There is Much discussion on the matter over at Pizzamaking.com, if you're doing home pizza they are your go-to source.

But in brief, as mentioned above, 3/8 steel plate is what you want as its a good balance between weight and heat capacity. (aluminum transfers heat much quicker, but holds much less energy than steel) If you like to to back to back pizzas, then you might want to go with 1/2 steel, but thats a heavy lift.

Bakingsteel.com has all the options, and custom orders, too. Beats doing all the research and running around...
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Old 08-09-2020, 03:00 PM   #9
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Default Re: Modernist Cuisine

Quote:
Originally Posted by raisin View Post
There is Much discussion on the matter over at Pizzamaking.com, if you're doing home pizza they are your go-to source.

But in brief, as mentioned above, 3/8 steel plate is what you want as its a good balance between weight and heat capacity. (aluminum transfers heat much quicker, but holds much less energy than steel) If you like to to back to back pizzas, then you might want to go with 1/2 steel, but thats a heavy lift.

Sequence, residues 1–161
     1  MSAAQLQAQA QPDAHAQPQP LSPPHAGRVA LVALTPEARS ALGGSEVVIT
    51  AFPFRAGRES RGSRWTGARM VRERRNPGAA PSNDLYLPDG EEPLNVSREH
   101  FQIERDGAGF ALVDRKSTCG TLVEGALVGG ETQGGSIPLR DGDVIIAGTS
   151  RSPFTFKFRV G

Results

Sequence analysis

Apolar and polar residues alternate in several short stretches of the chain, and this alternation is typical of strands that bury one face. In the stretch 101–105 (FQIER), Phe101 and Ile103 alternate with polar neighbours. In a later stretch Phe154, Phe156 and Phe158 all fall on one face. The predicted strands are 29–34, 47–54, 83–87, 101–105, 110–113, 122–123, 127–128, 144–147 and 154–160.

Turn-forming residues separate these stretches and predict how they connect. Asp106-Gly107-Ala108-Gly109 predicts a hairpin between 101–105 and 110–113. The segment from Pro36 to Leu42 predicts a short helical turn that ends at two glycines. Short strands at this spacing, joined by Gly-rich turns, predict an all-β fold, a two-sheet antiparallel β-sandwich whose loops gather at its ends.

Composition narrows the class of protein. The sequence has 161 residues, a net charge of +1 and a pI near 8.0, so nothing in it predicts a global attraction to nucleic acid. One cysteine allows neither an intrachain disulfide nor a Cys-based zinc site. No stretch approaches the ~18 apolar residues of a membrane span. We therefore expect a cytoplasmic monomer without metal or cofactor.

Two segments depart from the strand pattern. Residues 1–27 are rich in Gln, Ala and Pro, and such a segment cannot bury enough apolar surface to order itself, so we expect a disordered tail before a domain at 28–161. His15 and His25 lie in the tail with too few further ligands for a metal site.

Bakingsteel.com has all the options, and custom orders, too. Beats doing all the research and running around...
What if I want a BLT pizza made with pork shoulder in a tortilla?
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Old 08-10-2020, 06:56 AM   #10
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Default Re: Modernist Cuisine

Don't have the set, only the "Modernist Cuisine at Home" book. The amount of information is amazing, wish I had a need for the full set
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Old 08-10-2020, 02:52 PM   #11
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Default Re: Modernist Cuisine

Thanks all.

This is for a commercial application. Very limited kitchen space at the present time and there isn't room on the line to add a proper pizza oven, so being the plant engineer and resident foodie, I'm trying to help our cooks out to make the best of the old Montague deck oven. Despite it's age, they are actually pretty good ovens, but they only go to 500F, and like most commercial ovens, lack broilers.

They don't have the equipment or manpower to be making dough, so it would be purchased through one of our suppliers. Thanks for the suggestion on the Ken Forkish book, it now has my attention for personal use.

I read a number of the threads on pizzamaking. com before I posted here about MC, while there is a lot of information there, but I still want to go back to the original source. Steel plates are wonderful, but a 24x24x3/8 plate to fit the oven would be 60lbs. It might happen, but still like to see the other option.